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Ibanez SR505 BM 5-String Bass

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This is easily the sweetest bass I’ve ever played, although it took some time to get that way. It was cool right out of the box, but I needed it to do something other than what it said on the box.

Traditional electric bass guitars are somewhat limited instruments, especially for six-string guitar players, in that they only know how to deal with four strings. In playing bass, I often find myself running out of strings – my fingers clearly anticipate finding two more of them. The bass equivalents of the high B and E strings of a conventional guitar are notably absent on a bass.

A five-string bass addresses the absence of one of these missing strings – or at least, it can – and it expands the range of the instrument. The direction in which it expands said range is a matter of some contention. Most five-string basses are tuned with an extremely low B below the low E. Such a string is just this side of subsonic, and it can probably set off near-by seismographs if you play through a sufficiently powerful amplifier.

I suspect that death-metal head-banging music would benefit greatly from such an instrument, as would any enterprise that involved demolishing unwanted buildings.

In a less frequently-encountered configuration, a five-string bass can be set up for “tenor” tuning, in which the lower four strings are tuned like those of a four-string bass, and the highest string is tuned to B or C. Such an instrument probably won’t kill small mammals at a range of fifty feet or less, but it’s profoundly cool to play. The high string can do all sorts of things that would be difficult, impossible or annoyingly squeaky on a traditional bass

The Ibanez SR505 BM five-string bass emerges from its packaging set up to have a low B string. It’s actually a blast to play this way, although the tectonic stress it’s capable of inflicting upon nearby continents gets old after a while. You’d need an amplifier the size of an adult Indian elephant to truly appreciate what it’s capable of.

Unfortunately, tuning the SR505 up to a tenor bass entails considerably more that twisting its machine heads. Its neck isn’t designed to deal with heavy strings at this tension, and the resulting instrument would require profoundly muscular fingers to play. Playing the SR505 as a tenor bass requires a set of tenor bass strings… which don’t actually exist, as far as I could tell. This is something of a drawback.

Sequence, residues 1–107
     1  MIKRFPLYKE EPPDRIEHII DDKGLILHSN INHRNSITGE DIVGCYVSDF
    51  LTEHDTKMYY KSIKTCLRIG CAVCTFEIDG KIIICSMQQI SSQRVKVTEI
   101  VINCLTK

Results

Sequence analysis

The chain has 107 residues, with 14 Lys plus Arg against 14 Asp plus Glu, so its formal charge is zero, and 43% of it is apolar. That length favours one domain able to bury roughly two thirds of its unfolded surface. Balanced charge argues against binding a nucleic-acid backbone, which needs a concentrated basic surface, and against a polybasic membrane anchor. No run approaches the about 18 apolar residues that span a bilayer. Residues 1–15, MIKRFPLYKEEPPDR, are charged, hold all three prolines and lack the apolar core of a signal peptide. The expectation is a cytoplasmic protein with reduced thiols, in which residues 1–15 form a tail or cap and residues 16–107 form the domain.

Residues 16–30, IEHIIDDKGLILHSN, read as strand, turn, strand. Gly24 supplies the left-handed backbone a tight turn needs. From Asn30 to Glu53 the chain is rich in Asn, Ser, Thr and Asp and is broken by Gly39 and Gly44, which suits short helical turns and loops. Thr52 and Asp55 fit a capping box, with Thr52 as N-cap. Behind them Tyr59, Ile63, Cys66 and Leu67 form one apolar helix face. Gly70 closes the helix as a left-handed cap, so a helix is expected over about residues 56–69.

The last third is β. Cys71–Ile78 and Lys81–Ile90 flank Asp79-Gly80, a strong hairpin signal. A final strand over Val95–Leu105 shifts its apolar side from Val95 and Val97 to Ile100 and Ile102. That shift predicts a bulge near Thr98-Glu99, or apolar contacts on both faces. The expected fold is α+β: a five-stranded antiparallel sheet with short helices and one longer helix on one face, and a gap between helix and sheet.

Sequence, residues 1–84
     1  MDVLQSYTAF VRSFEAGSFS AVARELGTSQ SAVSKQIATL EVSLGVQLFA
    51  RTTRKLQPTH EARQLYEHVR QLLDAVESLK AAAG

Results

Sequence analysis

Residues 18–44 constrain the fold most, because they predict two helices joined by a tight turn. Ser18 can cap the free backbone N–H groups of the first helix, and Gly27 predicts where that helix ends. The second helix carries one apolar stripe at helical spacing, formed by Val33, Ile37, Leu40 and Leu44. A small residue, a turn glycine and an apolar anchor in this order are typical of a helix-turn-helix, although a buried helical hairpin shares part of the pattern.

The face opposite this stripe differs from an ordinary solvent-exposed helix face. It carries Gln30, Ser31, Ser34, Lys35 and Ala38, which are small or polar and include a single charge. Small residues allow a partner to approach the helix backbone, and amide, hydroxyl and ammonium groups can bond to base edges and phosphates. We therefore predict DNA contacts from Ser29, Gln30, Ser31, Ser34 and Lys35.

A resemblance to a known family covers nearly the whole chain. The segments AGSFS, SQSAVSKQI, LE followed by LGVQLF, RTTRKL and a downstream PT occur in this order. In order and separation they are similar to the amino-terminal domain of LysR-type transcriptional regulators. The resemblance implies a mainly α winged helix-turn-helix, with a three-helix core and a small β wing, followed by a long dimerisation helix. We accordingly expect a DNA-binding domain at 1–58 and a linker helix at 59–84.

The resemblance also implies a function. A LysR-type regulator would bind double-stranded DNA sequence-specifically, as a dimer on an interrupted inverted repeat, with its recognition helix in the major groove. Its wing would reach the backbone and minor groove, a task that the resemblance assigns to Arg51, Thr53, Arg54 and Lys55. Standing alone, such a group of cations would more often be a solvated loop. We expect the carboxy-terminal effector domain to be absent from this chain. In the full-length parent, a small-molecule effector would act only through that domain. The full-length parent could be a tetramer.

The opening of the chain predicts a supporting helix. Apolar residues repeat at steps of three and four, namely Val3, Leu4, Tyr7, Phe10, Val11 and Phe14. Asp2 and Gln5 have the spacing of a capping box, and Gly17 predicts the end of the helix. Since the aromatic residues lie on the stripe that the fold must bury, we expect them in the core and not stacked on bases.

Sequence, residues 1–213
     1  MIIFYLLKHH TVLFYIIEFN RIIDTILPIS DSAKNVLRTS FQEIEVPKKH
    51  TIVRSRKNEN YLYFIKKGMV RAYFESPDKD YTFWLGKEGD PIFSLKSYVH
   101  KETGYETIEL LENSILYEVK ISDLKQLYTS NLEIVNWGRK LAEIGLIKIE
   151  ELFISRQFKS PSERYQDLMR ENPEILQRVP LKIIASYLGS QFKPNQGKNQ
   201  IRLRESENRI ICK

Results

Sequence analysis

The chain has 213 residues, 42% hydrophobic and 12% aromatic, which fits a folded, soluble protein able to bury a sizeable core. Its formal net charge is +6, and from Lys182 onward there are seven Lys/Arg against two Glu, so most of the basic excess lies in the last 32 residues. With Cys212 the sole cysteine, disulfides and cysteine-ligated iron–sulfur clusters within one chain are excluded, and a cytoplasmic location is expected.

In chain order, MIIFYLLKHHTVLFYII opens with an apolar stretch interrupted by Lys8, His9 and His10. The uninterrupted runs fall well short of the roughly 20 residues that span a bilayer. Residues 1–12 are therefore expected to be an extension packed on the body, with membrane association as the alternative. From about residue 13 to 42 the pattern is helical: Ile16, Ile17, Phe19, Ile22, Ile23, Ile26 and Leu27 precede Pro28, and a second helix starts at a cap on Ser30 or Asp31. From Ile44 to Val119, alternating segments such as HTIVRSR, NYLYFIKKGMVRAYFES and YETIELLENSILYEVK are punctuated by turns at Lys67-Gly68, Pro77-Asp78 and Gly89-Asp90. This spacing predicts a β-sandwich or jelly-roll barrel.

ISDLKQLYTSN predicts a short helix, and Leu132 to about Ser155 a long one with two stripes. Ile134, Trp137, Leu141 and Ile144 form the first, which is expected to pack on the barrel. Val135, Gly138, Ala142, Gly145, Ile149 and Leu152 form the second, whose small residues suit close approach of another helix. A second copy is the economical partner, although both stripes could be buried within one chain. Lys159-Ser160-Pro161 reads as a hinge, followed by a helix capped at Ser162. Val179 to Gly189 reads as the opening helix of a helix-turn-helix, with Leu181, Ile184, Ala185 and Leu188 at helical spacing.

A six-string bass is a serious monster of an instrument – it’s essentially a traditional four-string bass with both a low B and a high B or C string. Playing one calls for really big hands. I wouldn’t have mentioned these things at all, save that they offer a solution to the tenor tuning problem for the Ibanez SR505 BM five-string bass – to wit, buy a set of strings for a six-string bass, install the upper five strings on an SR505 and use the orphaned low B string as a flexible saw for limbing trees. In practice, this calls for a bit of filing to get the nut to behave itself as well.

My SR505 is now strung with D’Addario ENR71-6 half-round strings.

With somewhat lighter strings in place, the SR505 can be adjusted to a tenor tuning, and its neck can be adjusted to laser-straight precision under these strings. The result is a truly exceptional electric bass.

The Ibanez SR505 BM is impeccably crafted, and it’s clearly the apogee of decades of instrument design. It has a mahogany body and a rosewood fingerboard with abalone inlay. It’s small, light and nicely balanced for a bass, and as such it won’t turn you into a hump-backed bell-ringing mutant if you play long sets. It has machine heads that almost move by thought control, a bridge that couldn’t be any more solid if it had been machined from the core of a collapsed neutron star and frets that appear to have been adjusted to the nearest molecule. Its neck is laminated from jatoba and bubinga woods – in Indonesia, where they probably know how to pronounce names like these – and once it’s been set up, it appears capable of staying that way until at least an hour after the end of the world.